With all the efforts by our current and recent government leaders to reduce our rights and take away privacy, this might not be nearly as important as it used to be, but we can still celebrate when our leaders signed the Constitution.Ã‚Â Back then, the Constitution and the follow-on Bill of Rights served as a sign that our leaders were trying to improve the country, protect the people, and assure the citizens that the government was to serve the people, not intrude upon their lives and remove liberties.
The Constitution of the United States of America is signed by 38 of 41 delegates present at the conclusion of the Constitutional Convention in Philadelphia. Supporters of the document waged a hard-won battle to win ratification by the necessary nine out of 13 U.S. states.
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On May 25, 1787, delegates representing every state except Rhode Island convened at Philadelphia’s Pennsylvania State House for the Constitutional Convention. The building, which is now known as Independence Hall, had earlier seen the drafting of the Declaration of Independence and the signing of the Articles of Confederation. The assembly immediately discarded the idea of amending the Articles of Confederation and set about drawing up a new scheme of government. Revolutionary War hero George Washington, a delegate from Virginia, was elected convention president.
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On September 25, 1789, the first Congress of the United States adopted 12 amendments to the U.S. Constitution–the Bill of Rights–and sent them to the states for ratification. Ten of these amendments were ratified in 1791. In November 1789, North Carolina became the 12th state to ratify the U.S. Constitution. Rhode Island, which opposed federal control of currency and was critical of compromise on the issue of slavery, resisted ratifying the Constitution until the U.S. government threatened to sever commercial relations with the state. On May 29, 1790, Rhode Island voted by two votes to ratify the document, and the last of the original 13 colonies joined the United States. Today, the U.S. Constitution is the oldest written constitution in operation in the world.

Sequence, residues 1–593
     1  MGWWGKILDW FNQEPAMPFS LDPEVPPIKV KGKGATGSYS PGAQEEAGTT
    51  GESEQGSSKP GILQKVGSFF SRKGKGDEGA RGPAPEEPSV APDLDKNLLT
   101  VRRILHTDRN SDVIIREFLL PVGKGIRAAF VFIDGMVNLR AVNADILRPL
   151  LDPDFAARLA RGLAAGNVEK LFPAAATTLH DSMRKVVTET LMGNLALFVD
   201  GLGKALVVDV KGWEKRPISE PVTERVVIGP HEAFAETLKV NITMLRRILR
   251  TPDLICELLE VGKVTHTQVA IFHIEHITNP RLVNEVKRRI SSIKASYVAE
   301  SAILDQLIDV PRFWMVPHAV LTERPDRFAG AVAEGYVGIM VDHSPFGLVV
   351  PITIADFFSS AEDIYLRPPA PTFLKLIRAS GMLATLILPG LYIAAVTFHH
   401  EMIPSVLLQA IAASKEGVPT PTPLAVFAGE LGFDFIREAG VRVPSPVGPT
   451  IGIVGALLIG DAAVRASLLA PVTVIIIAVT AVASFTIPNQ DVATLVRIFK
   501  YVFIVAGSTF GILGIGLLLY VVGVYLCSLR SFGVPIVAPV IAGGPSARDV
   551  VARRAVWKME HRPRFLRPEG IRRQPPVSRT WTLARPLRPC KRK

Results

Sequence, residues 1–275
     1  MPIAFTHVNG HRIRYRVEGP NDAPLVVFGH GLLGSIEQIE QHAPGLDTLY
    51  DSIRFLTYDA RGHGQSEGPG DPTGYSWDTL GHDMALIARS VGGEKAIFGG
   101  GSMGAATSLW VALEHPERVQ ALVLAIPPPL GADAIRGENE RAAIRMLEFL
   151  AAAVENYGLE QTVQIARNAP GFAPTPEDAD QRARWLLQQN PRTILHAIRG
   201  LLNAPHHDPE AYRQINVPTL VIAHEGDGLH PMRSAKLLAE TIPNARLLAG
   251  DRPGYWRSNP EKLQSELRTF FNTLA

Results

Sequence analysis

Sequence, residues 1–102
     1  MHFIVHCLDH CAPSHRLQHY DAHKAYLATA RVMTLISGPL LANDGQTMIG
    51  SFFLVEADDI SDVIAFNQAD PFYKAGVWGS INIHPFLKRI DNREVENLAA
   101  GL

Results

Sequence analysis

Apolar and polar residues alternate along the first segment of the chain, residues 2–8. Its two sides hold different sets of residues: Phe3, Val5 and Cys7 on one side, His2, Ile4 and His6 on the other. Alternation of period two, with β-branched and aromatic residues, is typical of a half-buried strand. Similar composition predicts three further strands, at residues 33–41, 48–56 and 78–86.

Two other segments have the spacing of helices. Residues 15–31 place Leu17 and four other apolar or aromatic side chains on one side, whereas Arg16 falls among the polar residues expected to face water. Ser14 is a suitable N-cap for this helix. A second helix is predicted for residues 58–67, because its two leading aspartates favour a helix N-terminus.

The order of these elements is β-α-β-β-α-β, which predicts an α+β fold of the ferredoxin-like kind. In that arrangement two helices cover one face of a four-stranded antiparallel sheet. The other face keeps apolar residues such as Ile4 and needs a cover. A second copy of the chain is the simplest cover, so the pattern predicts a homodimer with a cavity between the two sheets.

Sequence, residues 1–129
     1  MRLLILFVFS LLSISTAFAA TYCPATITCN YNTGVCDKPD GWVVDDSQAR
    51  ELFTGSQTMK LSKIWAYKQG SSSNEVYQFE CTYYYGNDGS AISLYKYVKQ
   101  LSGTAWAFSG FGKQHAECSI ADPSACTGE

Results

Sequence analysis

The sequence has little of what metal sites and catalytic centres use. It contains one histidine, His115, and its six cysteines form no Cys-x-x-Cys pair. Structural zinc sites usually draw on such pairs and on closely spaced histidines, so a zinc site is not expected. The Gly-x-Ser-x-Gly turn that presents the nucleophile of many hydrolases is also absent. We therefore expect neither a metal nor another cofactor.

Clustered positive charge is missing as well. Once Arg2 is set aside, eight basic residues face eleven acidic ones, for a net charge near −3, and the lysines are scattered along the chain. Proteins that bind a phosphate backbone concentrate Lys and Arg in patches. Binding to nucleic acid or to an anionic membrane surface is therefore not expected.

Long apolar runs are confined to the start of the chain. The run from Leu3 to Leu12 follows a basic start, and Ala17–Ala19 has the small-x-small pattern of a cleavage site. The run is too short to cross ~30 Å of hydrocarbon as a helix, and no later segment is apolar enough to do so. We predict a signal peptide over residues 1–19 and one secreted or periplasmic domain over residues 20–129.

King George was a threat to all these ideas then, just as King George is a threat to these ideas now.Ã‚Â Not that my conservative friends agree, but I just don’t like all the recent laws that have reduced our rights and privacy in the name of fighting terrorism.
[tags]Today in History, The US Constitution is signed, The threat of King George[/tags]